OAKLAND, Calif (KTVU) - As darkness fell over Oakland Saturday, the sky lit up with big explosions, illegal fireworks that are an annual 4th of July tradition.
But all it took was a Piccolo Pete to send fear through one Oakland neighborhood.
"There's no such thing as a safe firework in the city," investigator Javan Smith told KTVU, showing a small firework that started a brush fire Saturday afternoon.
"It's not anything large," Smith said, holding the device in his palm, "but it can do a lot of damage."
Even certified "safe and sane" fireworks, sold at fireworks stands, are banned in Oakland and Alameda County.
The fire that started on a trail in woodsy Joaquin Miller Park burned three acres of steep hillside with a half dozen homes at the top, in the Piedmont Pines subdivision.
"Oh it was frightening," resident Afshin Nouri told KTVU, " I was ready to get documents and get out of here."
It reminded Nouri of Independence Day two years ago, when fire raced through the same ravine, that one sparked by fireworks as well.
"Last time, the trees were on fire, the flames were shooting up a couple of hundred feet," recalled Nouri.
Saturday, Nouri and his sixteen year old son called 911, then used a garden hose to dampen the ground as smoke filled their street.
Early on, residents were hearing, fireworks were to blame.
"Because it's the fourth of July," observed Kian Nouri, "and they might have been just trying to have fun. But that's the wrong place to have fun."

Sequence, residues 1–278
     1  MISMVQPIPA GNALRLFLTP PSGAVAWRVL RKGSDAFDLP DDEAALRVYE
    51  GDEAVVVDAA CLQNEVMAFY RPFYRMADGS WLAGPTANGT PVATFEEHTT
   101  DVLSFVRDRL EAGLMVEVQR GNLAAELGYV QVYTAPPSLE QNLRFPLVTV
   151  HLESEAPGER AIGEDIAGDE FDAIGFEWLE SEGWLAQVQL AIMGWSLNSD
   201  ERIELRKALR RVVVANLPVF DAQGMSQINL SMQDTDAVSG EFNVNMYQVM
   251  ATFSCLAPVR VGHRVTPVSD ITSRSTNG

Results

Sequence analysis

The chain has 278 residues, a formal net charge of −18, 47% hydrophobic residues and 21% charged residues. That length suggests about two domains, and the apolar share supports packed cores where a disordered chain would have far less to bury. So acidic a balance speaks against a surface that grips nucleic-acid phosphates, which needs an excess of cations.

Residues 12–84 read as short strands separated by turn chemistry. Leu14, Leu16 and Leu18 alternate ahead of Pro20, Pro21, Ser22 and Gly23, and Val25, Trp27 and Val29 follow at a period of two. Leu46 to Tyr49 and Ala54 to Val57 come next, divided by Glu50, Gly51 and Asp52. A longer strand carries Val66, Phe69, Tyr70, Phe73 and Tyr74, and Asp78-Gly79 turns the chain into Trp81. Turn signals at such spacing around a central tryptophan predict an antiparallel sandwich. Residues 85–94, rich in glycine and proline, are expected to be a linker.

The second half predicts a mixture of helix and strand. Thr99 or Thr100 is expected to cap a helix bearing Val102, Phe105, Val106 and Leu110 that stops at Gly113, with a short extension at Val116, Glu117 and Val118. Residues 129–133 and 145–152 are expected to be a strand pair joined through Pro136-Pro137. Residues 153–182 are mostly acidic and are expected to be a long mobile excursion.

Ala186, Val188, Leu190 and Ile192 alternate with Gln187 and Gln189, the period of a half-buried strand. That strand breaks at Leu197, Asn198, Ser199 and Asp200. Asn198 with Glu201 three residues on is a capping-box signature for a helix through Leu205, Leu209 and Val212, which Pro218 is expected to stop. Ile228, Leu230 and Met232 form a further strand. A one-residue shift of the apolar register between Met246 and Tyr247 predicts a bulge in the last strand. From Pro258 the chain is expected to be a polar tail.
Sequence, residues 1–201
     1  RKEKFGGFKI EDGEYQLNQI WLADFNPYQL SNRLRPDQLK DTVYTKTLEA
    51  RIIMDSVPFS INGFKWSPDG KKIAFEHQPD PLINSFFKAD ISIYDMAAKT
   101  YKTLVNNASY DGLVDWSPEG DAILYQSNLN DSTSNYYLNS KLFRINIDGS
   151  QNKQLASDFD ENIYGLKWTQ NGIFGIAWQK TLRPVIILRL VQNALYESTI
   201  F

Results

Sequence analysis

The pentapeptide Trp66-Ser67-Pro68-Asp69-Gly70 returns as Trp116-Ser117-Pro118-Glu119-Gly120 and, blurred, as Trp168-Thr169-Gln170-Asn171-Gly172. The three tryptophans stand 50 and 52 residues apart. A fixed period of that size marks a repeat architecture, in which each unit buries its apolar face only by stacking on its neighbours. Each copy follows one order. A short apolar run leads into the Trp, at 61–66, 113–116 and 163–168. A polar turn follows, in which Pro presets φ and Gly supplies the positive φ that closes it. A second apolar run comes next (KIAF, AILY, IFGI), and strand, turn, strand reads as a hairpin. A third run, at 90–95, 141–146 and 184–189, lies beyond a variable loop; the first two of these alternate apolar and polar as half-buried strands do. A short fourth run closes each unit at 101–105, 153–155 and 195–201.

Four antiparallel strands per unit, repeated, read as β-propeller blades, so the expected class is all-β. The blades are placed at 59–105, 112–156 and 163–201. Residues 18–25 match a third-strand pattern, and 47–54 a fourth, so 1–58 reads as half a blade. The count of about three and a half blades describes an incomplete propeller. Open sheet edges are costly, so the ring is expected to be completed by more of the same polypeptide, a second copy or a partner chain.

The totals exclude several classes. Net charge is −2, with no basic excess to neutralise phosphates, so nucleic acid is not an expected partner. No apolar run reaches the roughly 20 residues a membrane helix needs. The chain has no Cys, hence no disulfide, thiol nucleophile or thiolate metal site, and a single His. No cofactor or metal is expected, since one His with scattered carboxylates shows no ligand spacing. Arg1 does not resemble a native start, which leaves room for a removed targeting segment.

Ground crews jumped on the fire fast, and air support, overhead with water and retardant, didn't need to make drops after all. But they were ready.
Any billow of smoke in the Oakland Hills rekindles memories of more than twenty years ago; the billion dollar firestorm that destroyed three thousand homes and killed 25 people.
That catastrophe started as a small grass fire, that later reignited.
This time, crews took no chances.
"Had we had wind and the hot temperatures we had a couple of days ago, 85 degrees in Oakland, it definitely could have been different, could have been worse," observed Oakland Fire Battalion Chief Jamie Bowron told KTVU.
As the fire started, one resident was running on a trail in the vicinity.
"A number of hikers came running at me, telling me to go back," recounted Justin Graham, "and they said a firework had just gone off so flames were burning in the brush."
In short order, arson investigator Smith found the tiny torch on a footbridge.
"This was a slam dunk," declared Smith, "basically this thing whistles and sends out sparkles that look cool. But sparks are fire."
Smith is pursuing leads and asking for the public's help.
"Punishment is less important than education and safety," he noted.
It's unclear if the blaze was an accident or intentionally set in the dry brush.
"Common sense would seem to dictate that someone would know this is a bad idea," acknowledged Smith, "but we're not going to make any assumptions. We'll wait until we talk to the individuals or individual involved."